`Performance_gen <-Function (df,n) {performance <-data.frame () for (index in 1:n) {      fit <-lm (y ~ poly (x,degree =index), data = Df\$train)   performance <-Rbind (performance,data.frame (degree =index,type= ' Train ', Rmse=rmse (DF \$train [' Y '],predict (Fit))]   performance <-rbind (performance,data.frame = degree ' test ', index,type= Rmse (df\$test[' y '],predict (fit,newdata=df\$test)))    } return (performance)} Df_split <-split (df,0.5) performance<-Performance_gen (df_split,10) Ggplot (Performance,aes (X=degree,y=rmse,linetype=type)) +geom_point ( ) +geom_line ()`

It can be seen that when degree=3 the model to the test set has been very good, when the degree increase, Rmse become more and more large, this shows that the model of the error is more and more large, and the model to the training set of the fitting is very good. So this scheme is the model when choosing Degree=3. So is there a better way, the regularization framework provides us with another way to avoid overfitting.

Regularization Framework

We said earlier that the loss function of the polynomial regression is, see the previous section (http://blog.csdn.net/comaple/article/details/44959695):

So I now introduce the concept of model complexity to improve our model loss function, the complexity of the smaller the better, that is, if the greater the complexity of our model is not good, if the complexity of the smaller the model to the training set of the better, it shows that our model is good, This avoids overfitting and increases the generalization ability of the model. So our regularization framework is transformed as follows:

The lambda here is actually a punitive factor for the regularization framework, and the larger the lambda proves that the more we care about the complexity of the model, the smaller the lambda proves that we don't care about the complexity of the model. F (w) is a function of the parameter W.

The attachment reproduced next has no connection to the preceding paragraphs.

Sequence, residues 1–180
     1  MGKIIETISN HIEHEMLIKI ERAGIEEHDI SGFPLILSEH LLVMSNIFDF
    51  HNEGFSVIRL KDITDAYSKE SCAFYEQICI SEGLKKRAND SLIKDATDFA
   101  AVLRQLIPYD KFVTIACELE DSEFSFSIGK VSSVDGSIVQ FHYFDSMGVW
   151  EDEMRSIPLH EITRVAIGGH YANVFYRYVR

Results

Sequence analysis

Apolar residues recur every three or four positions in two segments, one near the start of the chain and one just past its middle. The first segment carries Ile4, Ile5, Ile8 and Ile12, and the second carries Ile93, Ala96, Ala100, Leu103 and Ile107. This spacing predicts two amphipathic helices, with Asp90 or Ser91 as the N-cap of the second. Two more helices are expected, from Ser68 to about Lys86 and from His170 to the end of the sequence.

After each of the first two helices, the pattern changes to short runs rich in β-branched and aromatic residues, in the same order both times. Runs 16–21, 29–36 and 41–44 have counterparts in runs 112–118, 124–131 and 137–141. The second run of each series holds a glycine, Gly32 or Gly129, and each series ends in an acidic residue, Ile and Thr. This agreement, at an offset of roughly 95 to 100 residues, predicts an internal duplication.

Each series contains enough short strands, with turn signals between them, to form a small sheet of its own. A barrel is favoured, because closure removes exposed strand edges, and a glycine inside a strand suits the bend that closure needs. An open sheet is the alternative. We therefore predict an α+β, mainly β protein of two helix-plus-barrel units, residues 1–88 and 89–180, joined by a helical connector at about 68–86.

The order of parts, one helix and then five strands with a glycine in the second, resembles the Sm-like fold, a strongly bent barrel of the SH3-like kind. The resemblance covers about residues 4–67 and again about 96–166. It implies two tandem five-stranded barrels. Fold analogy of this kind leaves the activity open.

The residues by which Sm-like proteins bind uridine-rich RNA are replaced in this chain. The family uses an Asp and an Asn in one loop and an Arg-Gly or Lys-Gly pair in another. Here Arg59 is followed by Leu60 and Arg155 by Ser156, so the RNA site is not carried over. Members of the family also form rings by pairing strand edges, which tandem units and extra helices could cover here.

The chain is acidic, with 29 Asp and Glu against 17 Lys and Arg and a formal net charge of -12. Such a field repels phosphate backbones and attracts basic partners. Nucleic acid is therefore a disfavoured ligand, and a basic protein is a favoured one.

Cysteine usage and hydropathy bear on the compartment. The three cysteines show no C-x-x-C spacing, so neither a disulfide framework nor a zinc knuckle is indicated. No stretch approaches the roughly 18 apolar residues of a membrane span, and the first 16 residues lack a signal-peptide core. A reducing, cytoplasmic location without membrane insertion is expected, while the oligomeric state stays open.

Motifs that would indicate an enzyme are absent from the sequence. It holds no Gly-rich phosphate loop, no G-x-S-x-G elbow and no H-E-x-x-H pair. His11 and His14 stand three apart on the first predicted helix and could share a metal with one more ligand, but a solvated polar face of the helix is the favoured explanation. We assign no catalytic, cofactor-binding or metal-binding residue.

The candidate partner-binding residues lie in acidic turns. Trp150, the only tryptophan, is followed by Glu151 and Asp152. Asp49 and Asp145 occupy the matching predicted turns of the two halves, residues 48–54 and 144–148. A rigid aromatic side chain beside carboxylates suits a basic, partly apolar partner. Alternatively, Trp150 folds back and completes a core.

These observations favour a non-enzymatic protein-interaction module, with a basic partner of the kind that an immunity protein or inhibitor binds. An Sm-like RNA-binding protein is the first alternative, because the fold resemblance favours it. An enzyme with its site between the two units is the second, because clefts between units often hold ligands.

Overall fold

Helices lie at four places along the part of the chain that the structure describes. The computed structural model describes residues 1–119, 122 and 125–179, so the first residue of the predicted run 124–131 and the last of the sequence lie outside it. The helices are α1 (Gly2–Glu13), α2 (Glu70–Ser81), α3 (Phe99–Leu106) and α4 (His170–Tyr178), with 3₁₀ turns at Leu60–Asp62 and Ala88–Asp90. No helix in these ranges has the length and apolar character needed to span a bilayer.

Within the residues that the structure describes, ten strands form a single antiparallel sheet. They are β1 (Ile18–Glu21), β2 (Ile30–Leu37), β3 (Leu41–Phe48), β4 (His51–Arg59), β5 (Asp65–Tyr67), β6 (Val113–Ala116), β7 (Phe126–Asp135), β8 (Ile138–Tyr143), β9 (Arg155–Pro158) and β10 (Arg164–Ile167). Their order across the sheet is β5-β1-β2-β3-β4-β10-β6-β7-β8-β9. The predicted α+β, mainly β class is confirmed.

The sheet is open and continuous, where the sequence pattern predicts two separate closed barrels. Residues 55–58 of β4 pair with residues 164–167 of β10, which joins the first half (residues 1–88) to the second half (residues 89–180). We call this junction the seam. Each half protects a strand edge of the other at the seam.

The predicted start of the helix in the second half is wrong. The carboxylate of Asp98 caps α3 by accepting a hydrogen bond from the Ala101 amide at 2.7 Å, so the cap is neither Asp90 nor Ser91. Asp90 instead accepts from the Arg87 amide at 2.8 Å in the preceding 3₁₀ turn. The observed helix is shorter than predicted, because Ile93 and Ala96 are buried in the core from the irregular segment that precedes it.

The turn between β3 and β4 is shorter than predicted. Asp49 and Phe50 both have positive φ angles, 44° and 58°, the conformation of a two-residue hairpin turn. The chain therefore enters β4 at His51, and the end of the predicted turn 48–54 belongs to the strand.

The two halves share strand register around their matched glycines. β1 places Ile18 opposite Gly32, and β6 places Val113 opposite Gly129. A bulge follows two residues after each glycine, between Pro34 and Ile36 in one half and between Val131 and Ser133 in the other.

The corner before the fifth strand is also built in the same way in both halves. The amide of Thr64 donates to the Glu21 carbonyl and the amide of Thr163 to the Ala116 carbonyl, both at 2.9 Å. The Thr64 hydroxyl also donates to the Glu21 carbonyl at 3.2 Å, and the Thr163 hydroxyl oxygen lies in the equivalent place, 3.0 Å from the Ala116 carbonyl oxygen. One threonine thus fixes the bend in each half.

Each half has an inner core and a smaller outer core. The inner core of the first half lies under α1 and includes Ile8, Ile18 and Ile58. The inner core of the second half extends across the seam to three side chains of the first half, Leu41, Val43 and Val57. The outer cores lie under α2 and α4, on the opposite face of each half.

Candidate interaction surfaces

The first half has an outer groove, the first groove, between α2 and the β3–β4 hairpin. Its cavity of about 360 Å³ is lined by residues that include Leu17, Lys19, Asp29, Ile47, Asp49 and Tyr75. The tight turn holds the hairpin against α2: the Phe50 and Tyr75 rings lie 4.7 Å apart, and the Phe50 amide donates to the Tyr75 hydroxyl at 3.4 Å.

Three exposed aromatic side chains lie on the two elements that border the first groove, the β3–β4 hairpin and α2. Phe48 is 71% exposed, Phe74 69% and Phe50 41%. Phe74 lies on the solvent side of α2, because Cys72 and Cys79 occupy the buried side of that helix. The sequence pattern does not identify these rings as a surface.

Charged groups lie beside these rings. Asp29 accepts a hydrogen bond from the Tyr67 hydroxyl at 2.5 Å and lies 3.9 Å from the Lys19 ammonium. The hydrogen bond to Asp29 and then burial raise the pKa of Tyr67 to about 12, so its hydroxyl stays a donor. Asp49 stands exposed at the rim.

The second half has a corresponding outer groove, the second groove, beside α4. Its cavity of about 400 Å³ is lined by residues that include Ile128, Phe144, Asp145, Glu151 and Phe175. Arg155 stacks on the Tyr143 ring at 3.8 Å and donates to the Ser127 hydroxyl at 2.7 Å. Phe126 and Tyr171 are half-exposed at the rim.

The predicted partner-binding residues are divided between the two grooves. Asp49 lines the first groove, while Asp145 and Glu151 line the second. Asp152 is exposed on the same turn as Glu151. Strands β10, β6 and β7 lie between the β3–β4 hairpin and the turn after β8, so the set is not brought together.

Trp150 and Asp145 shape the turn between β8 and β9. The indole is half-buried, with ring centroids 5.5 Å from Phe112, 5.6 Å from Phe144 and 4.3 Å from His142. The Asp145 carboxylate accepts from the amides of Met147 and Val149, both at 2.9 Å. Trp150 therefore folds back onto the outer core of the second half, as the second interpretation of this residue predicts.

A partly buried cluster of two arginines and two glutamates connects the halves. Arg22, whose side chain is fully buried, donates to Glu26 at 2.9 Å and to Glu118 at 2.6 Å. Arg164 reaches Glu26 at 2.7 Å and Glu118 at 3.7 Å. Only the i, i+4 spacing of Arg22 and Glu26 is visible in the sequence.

1, L1 paradigm, if we add absolute value to the W parameter, that is the L1 paradigm

2, L2 paradigm, if we take the sum of squares of the W parameter, that is the L2 paradigm

3, LP paradigm, if we take P-quadratic summation of the W parameter, that is the LP paradigm

Of course, the choice of paradigm is ultimately determined by experience and the role of your model, and the form of the function can be more complex to facilitate the processing of special effects.

This is illustrated with the data set above

`L1 <-Abs (Sort (COEF (fit3))) Df_l1 <-data.frame (X=sort (Coef (FIT3)), Y=L1) Ggplot (Df_l1,aes (x=x,y=y)) +geom_line ( )`

`L2 <-(Coef (fit3) ^2) df_l2 <-data.frame (X=sort (COEF), fit3) y=l2 (Ggplot (Df_l2,aes)) x=x,y=y () + Ggtitle (' L2norm ')`

The L1 paradigm allows for parameter selection, making certain unimportant parameters zero, which simplifies our model and makes the model more generalization capable.

But the value of the lambda here is how to choose, the different lambda represents our degree of concern about the complexity of the model. Here again to cross-validation to verify that Lambda is right for us.

In the R language the Glmnet package has implemented a regularization framework, where we install and load him. and call the Glmnet function, the function as long as the call can get all the possible lambda values and corresponding models, then we can the above method, the results of the RMSE evaluation and the lambda relationship between the drawing out to see the effect:

`Install.packages (glmnet) library (glmnet) getperform <-function (DF) {  fit<-with (Df\$train,glmnet (poly (x, degree=10), y)) lambdas <-Fit\$lambda performance <-data.frame () for  (lambda in lambdas) {   Performance < -Rbind (Performance,data.frame (     lambda=lambda,     rmse=rmse (df\$test[' y '],with (df\$test,predict (Fit,poly (x, (degree=10), S=LAMBDA))))  `

As you can see, the RMSE takes the minimum value near the lambda 0.06, so the data set can take the corresponding model when lambda=0.06.

R Language Data Analysis series eight